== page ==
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Sticks, Stones, and Broken BonesNeolithic Violence in a European Perspective$
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Rick J. Schulting and Linda Fibiger

Print publication date: 2012

Print ISBN-13: 9780199573066

Published to Oxford Scholarship Online: March 2015

DOI: 10.1093/acprof:osobl/9780199573066.001.0001

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Evidence of trauma in Neolithic Greece

Evidence of trauma in Neolithic Greece

Chapter:
(p.249) 14 Evidence of trauma in Neolithic Greece
Source:
Sticks, Stones, and Broken Bones
Author(s):

Anastasia Papathanasiou

Publisher:
Oxford University Press
DOI:10.1093/acprof:osobl/9780199573066.003.0014

This chapter reviews all recorded evidence of trauma during the Mesolithic and Neolithic Periods in Greece due to either accidental causes or violence. It begins even earlier, with a small but important Mesolithic assemblage from Franchthi Cave. While the numbers are not large, it is interesting to note that cranial trauma is more prevalent in the Mesolithic sample than in the Late Neolithic assemblage from the same site. While a comparison of Early and Late Neolithic assemblages hints at an increased prevalence of cranial trauma over time, the difference is not statistically significant. The majority of injuries in the Neolithic show healing, leading to the conclusion that the evidence reflects sporadic, non-lethal, face-to-face confrontations between mainly young adult males, though injuries are not entirely absent on women and children. The chapter also discusses the difficulty of interpreting postcranial fractures as evidence for violent encounters.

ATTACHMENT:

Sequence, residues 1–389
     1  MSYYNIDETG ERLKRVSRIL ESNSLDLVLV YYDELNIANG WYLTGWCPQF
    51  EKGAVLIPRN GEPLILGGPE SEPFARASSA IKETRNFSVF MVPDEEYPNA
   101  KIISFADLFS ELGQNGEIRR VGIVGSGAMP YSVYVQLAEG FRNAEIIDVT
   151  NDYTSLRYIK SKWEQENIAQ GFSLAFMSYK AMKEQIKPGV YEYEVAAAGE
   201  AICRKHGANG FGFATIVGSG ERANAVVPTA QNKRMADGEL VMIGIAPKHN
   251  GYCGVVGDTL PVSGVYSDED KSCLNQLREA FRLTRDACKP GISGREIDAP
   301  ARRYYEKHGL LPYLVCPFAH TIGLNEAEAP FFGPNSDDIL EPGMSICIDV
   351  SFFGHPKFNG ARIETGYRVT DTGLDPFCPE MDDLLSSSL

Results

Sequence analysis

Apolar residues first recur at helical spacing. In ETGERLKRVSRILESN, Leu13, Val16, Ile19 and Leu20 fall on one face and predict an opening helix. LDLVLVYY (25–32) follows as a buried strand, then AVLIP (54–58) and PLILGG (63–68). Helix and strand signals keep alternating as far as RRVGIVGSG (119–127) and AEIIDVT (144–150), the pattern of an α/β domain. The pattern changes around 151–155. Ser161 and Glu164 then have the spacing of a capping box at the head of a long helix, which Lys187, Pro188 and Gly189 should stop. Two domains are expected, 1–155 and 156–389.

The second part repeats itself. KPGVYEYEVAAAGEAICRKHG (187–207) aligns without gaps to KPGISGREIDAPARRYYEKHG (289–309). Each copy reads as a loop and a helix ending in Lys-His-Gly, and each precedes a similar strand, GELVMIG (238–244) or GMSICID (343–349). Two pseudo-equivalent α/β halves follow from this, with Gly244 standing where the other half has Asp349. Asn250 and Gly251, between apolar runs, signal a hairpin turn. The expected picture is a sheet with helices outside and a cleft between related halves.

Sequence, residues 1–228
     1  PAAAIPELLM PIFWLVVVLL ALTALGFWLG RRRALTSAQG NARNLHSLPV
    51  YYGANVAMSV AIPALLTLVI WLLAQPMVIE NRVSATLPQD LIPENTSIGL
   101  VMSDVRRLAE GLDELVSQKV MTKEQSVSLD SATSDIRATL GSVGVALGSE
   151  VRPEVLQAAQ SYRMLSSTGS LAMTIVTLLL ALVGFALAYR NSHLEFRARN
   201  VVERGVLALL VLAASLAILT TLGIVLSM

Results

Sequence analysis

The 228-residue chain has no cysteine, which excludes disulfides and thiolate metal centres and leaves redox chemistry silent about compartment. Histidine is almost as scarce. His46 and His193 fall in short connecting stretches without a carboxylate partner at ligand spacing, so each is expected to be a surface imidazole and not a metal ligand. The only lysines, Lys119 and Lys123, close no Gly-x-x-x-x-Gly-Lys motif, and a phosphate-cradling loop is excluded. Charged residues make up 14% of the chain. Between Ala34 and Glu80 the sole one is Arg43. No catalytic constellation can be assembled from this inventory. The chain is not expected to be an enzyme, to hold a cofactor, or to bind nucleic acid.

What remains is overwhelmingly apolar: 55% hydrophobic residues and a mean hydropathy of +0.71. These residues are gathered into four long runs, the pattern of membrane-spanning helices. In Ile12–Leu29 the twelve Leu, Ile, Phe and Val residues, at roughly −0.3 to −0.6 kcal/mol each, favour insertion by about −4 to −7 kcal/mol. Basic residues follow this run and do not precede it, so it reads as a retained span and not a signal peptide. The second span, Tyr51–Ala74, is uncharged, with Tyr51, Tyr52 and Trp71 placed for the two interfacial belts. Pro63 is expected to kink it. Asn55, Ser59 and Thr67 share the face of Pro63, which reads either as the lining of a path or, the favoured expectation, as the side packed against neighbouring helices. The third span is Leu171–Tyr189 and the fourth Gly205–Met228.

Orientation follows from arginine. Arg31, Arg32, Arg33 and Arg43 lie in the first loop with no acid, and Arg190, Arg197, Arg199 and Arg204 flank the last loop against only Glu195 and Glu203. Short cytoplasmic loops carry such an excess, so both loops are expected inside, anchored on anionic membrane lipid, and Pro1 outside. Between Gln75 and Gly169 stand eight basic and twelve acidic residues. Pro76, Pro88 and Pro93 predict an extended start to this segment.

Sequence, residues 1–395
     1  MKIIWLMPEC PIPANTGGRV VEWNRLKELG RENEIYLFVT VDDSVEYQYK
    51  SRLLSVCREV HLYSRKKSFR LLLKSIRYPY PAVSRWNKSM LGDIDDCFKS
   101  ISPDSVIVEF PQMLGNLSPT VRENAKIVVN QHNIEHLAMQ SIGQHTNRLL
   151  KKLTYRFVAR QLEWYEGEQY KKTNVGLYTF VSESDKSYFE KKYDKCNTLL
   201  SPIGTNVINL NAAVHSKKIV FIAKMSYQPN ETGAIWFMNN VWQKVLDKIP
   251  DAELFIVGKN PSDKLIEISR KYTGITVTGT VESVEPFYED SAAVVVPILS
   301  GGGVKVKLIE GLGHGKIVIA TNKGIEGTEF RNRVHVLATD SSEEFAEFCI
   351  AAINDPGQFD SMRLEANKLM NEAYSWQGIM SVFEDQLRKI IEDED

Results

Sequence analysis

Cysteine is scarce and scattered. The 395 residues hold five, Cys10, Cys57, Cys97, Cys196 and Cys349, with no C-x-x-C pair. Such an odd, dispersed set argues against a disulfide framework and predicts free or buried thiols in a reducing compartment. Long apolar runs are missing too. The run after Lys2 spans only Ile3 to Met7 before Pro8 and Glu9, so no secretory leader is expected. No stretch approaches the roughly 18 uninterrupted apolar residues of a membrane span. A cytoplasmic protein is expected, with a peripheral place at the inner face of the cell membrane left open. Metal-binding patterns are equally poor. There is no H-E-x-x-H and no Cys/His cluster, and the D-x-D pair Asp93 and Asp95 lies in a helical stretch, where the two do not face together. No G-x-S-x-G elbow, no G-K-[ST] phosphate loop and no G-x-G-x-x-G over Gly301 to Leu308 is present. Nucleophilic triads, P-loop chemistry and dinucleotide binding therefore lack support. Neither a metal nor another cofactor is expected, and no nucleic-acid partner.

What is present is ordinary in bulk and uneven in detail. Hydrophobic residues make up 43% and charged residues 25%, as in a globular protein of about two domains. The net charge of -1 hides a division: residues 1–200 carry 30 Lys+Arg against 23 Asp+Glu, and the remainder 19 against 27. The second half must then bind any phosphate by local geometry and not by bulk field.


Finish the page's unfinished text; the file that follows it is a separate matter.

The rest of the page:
Keywords:   human skeleton, interpersonal violence, cranial trauma, Mesolithic, Neolithic, Franchthi Cave

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